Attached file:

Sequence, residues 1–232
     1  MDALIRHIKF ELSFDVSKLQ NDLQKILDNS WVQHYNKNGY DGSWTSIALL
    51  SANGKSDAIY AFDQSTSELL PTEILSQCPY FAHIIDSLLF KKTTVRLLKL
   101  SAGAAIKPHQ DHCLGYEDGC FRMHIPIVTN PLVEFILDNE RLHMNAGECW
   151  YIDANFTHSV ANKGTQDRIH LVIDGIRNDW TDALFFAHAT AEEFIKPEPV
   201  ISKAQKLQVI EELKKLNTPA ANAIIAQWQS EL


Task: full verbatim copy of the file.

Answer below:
Sequence, residues 1–232
     1  MDALIRHIKF ELSFDVSKLQ NDLQKILDNS WVQHYNKNGY DGSWTSIALL
    51  SANGKSDAIY AFDQSTSELL PTEILSQCPY FAHIIDSLLF KKTTVRLLKL
   101  SAGAAIKPHQ DHCLGYEDGC FRMHIPIVTN PLVEFILDNE RLHMNAGECW
   151  YIDANFTHSV ANKGTQDRIH LVIDGIRNDW TDALFFAHAT AEEFIKPEPV
   201  ISKAQKLQVI EELKKLNTPA ANAIIAQWQS EL